Prime Minister Noboru Takeshita of Japan Wednesday announced an international conference to help establish a global system to verify nuclear weapons tests.

In his speech to the General Assembly's special session on disarmament, Takeshita said Japan, the only nation that has had atomic weapons used against it, would co-sponsor the conference with the United Nations. The meeting in Tokyo would aim to exchange seismological information used to detect nuclear tests, he said."Japan experienced unspeakable horrors as a result of the atomic bombs that were dropped on the cities of Hiroshima and Nagasaki," he told delegates. "The Japanese people solemnly pray that nuclear weapons will ultimately be eliminated so that a nuclear holocaust can never be repeated."

Takeshita did not disclose the date of the planned conference in Tokyo.

On Tuesday, Secretary-General Javier Perez de Cuellar said the United Nations can help the world disarm by monitoring and verifying arms control agreements between the superpowers and other countries.

The U.N. leader said that the international body could make a "significant contribution" to disarmament pacts "in ways agreeable to the parties concerned."

Speaking at the opening of the special session, Perez de Cuellar said U.N. military observers and peacekeepers could help monitor and verify arms agreements.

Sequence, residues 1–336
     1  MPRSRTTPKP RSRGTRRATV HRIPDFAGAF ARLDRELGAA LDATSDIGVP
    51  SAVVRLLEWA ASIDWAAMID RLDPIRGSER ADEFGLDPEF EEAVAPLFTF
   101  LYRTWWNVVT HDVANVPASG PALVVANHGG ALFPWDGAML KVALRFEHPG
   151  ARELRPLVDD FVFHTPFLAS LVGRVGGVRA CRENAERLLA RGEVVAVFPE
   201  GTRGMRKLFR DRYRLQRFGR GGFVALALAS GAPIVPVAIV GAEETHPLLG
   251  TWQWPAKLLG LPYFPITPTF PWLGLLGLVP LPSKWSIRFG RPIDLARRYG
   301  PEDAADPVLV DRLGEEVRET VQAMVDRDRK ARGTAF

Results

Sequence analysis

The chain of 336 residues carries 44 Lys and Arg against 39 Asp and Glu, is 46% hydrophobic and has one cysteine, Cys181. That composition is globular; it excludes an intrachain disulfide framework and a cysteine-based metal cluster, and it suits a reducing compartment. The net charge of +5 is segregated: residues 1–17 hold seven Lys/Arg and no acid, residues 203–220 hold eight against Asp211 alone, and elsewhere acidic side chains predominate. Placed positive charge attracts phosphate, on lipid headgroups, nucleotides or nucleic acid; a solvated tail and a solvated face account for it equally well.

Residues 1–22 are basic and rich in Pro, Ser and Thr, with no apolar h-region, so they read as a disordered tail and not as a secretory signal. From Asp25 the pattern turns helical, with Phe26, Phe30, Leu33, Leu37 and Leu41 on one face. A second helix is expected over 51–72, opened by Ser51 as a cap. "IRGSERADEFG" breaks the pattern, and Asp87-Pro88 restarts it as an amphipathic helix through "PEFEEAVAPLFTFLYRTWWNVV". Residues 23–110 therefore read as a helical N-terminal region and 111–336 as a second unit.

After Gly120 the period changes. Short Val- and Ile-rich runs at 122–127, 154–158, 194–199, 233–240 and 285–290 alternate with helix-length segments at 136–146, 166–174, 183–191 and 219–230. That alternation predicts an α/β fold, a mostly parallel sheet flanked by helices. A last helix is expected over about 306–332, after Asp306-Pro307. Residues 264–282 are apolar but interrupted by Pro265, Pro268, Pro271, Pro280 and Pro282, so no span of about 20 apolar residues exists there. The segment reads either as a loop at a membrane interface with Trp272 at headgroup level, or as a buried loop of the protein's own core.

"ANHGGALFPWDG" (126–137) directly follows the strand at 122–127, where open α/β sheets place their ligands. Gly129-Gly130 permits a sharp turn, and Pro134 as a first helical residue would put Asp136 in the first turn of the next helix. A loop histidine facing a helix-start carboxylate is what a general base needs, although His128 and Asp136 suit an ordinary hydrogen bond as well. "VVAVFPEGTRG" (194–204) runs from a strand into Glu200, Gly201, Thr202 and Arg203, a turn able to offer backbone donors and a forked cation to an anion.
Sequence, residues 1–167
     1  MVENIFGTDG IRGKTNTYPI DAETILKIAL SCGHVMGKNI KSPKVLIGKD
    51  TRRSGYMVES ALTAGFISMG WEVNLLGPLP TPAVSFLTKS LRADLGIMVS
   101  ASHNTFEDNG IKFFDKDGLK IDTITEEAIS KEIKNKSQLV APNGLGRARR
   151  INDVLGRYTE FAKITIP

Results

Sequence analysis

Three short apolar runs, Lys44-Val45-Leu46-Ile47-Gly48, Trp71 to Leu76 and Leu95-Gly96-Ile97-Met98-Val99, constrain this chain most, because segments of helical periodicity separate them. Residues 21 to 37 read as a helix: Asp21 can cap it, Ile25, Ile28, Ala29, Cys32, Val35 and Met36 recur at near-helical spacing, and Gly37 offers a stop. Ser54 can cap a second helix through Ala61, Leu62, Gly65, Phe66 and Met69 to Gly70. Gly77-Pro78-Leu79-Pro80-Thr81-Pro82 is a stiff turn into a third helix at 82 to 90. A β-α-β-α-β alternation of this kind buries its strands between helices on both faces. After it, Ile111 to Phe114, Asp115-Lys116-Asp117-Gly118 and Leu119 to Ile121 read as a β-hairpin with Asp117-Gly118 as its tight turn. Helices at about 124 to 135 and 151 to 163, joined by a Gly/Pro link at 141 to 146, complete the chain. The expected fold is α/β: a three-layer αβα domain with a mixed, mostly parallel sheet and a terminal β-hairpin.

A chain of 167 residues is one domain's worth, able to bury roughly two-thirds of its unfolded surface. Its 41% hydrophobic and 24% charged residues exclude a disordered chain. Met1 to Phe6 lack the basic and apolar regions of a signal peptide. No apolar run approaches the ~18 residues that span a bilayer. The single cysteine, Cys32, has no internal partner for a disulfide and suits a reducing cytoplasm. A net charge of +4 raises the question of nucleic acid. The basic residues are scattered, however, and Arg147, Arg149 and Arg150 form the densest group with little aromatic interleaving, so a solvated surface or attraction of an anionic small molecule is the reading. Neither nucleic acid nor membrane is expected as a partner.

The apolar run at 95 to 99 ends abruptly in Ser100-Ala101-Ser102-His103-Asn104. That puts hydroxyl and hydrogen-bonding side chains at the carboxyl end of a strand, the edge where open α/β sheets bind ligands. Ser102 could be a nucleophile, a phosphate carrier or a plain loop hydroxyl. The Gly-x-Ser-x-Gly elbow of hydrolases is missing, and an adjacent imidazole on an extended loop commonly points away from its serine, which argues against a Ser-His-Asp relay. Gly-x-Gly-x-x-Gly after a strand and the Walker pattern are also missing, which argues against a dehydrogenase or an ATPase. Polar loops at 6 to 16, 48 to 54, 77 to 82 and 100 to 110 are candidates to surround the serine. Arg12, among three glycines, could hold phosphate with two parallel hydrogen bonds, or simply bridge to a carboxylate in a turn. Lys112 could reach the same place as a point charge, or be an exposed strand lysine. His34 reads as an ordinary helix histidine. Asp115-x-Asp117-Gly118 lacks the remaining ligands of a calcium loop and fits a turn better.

He said world military spending totals about $1 trillion a year, while the annual U.N. budget is only about $721 million - and about $700 million is outstanding in unpaid contributions by member states.

The United States owes more than $200 million - withheld because of U.S. fiscal constraints and disagreements with United Nations policies.

The four-week disarmament session moved into high gear Wednesday. Takeshita was among about 25 heads of state and government slated to address the 159-member body during the session.

Many members, such as Iran and Iraq, Israel and its Arab neighbors, Greece and Turkey, India and Pakistan are feuding or engaged in regional arms races.

Speakers will include Takeshita and President Raul Alfonsin of Argentina today and, in the course of debate, Prime Minister Rajiv Gandhi of India, President Mohammad Zia ul-Haq of Pakistan, Afghan leader Najib and others.

The current assembly is the third special session on disarmament in 10 years and diplomats say numerous issues separate the United States and its allies from the Soviet Union, socialist countries and developing nations.

No breakthroughs are expected and many diplomats are seeking to avoid confrontation and unproductive criticism of the United States.